Saves lives, makes money . . . for now

Published 02 February 2012 05:02

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With the recent release of $100 million of taxpayer money under the Innovation Investment Fund (IIF), there is good news and bad news.

On December 9, just three days before Kim Carr was demoted from industry minister to manufacturing, he announced the release of the final round of money available through the IIF. Under the IIF program, venture capital managers that can raise $20 million from private investors, such as superannuation funds, may apply for a matching $20 million from the IIF, provided they meet the other criteria of the program. In the broadest terms, that means they need to fund new companies. Good news!

The bad news? Unless the federal government changes its mind, this is the last round of funding under the IIF program, which to date has helped 99 businesses commercialise original research, creating jobs, profits and useful products.

Does that matter? Yes, it does. Consider Vaxxas, a company that received funding from an IIF fund manager, OneVentures, last year. Vaxxas is developing a way to deliver vaccinations via a patch rather than needle and syringe. For most of us, a patch is a helluva lot nicer than a jab but for millions of people in developing countries, Vaxxas may be life-saving. In Africa, transporting vaccines at stable cold temperatures is very difficult and doses are wasted. Training health staff to apply a patch is much easier than training them to give a needle safely, effectively and with the least possible pain.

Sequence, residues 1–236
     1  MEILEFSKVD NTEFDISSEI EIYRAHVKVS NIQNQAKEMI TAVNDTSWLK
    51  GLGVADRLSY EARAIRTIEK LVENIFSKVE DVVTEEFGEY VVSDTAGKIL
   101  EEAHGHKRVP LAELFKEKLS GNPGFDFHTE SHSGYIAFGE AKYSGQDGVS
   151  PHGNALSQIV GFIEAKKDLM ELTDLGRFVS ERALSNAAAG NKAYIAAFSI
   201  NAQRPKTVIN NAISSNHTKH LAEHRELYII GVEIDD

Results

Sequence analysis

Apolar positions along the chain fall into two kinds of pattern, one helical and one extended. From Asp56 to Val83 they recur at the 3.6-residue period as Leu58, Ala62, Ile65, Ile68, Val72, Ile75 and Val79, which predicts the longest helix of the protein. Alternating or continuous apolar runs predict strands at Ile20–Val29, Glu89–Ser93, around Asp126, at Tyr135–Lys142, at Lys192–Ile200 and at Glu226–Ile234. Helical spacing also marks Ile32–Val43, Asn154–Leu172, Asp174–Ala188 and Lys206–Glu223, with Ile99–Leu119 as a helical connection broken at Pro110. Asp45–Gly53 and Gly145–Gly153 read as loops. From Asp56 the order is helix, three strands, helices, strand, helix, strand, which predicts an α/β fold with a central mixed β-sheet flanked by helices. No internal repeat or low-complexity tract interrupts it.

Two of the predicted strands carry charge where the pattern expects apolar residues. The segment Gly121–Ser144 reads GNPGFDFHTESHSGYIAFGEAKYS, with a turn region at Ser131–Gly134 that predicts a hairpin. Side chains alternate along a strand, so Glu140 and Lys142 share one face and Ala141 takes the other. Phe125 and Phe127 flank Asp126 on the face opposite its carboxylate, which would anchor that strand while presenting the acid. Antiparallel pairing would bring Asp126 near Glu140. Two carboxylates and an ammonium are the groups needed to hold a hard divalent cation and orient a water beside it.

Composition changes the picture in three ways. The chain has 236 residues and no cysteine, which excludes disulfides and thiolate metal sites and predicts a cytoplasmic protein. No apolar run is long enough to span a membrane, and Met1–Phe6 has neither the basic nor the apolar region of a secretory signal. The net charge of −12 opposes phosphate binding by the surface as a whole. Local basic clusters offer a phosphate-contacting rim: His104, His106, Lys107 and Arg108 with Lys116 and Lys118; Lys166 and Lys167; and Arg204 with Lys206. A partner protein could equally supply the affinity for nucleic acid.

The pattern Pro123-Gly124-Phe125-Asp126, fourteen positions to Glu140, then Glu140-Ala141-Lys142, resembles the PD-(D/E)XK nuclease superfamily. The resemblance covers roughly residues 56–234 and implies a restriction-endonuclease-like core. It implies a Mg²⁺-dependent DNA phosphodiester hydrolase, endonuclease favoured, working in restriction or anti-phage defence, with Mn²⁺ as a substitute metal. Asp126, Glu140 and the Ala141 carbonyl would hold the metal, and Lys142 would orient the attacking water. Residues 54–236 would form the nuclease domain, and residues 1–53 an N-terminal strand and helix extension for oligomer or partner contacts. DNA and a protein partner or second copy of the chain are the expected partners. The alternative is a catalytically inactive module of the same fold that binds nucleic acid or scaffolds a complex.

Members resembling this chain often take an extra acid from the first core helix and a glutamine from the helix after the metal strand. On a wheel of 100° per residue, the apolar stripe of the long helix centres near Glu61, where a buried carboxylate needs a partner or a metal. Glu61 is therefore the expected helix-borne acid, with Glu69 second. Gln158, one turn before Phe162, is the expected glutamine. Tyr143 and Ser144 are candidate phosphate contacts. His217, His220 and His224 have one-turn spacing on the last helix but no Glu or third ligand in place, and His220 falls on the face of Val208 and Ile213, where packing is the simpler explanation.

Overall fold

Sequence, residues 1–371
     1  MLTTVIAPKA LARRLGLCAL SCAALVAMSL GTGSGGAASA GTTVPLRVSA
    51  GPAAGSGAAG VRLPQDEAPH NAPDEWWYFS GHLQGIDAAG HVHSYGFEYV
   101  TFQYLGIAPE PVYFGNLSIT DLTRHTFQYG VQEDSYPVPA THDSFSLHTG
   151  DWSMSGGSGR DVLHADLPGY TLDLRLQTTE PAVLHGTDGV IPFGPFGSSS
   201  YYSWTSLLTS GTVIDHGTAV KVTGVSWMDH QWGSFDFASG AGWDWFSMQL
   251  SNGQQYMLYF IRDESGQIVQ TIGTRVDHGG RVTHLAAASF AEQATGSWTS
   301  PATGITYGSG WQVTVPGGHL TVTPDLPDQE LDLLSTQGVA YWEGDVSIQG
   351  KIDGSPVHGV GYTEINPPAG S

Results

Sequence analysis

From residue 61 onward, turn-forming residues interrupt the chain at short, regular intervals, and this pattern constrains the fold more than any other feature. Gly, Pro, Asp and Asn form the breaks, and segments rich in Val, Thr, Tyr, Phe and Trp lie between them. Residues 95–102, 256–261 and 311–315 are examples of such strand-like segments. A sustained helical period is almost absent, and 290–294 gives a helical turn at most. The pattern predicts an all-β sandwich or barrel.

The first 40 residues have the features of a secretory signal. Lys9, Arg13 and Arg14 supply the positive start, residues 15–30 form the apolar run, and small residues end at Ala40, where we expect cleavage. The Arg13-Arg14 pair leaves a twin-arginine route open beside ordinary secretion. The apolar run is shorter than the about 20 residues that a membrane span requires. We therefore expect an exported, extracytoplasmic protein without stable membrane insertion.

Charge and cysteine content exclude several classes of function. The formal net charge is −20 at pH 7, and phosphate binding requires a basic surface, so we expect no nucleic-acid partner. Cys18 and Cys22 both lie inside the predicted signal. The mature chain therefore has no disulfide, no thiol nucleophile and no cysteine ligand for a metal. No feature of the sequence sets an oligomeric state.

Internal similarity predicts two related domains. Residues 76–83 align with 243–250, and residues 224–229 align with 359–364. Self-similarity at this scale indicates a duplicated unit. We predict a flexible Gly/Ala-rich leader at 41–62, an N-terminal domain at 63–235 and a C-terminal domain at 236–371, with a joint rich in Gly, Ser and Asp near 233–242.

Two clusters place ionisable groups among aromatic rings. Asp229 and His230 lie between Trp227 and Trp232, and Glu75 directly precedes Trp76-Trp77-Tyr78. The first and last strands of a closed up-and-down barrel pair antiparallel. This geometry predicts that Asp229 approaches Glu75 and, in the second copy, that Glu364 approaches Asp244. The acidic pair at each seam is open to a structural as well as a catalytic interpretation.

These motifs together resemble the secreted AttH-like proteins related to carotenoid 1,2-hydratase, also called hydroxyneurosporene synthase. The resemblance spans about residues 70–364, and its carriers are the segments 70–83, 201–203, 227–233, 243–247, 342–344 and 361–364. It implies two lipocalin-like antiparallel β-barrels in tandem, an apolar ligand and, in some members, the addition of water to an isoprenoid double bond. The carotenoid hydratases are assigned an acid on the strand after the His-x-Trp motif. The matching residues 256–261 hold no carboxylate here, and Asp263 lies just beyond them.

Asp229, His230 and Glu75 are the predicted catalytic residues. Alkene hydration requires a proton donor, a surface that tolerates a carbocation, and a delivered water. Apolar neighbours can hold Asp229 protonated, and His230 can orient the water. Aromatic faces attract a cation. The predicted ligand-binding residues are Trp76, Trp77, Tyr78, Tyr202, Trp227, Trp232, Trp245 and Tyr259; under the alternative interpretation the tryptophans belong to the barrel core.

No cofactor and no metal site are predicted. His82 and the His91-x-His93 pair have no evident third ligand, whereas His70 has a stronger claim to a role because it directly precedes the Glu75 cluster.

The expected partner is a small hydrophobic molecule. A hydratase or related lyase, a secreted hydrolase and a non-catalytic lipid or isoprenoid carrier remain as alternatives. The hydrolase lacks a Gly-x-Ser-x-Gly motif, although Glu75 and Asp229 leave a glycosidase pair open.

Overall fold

Last year, the world spent $US21 billion on vaccinations. If the Vaxxas patch works – animal studies are positive but human trials are some time away – that is a big market and it is growing at 10-15 per cent a year. But more importantly, the world will have a great tool to help tackle deaths from preventable causes, such as the 164,000 deaths from measles in 2008. The $15 million that OneVentures raised for Vaxxas comes from its own fund and from another three venture capital companies. It is the biggest first-round investment in a private start-up ever made in Australia. Would Vaxxas succeed without the IIF? Possibly.

Its founder, Mark Kendall, is a smart man. But OneVentures and the others bring global commercial expertise and contacts, as well as perspective, encouragement and energy to the project. Its chances are much improved. The IIF is much more than a program to help venture capital funds get new companies started and it, too, deserves a long life.

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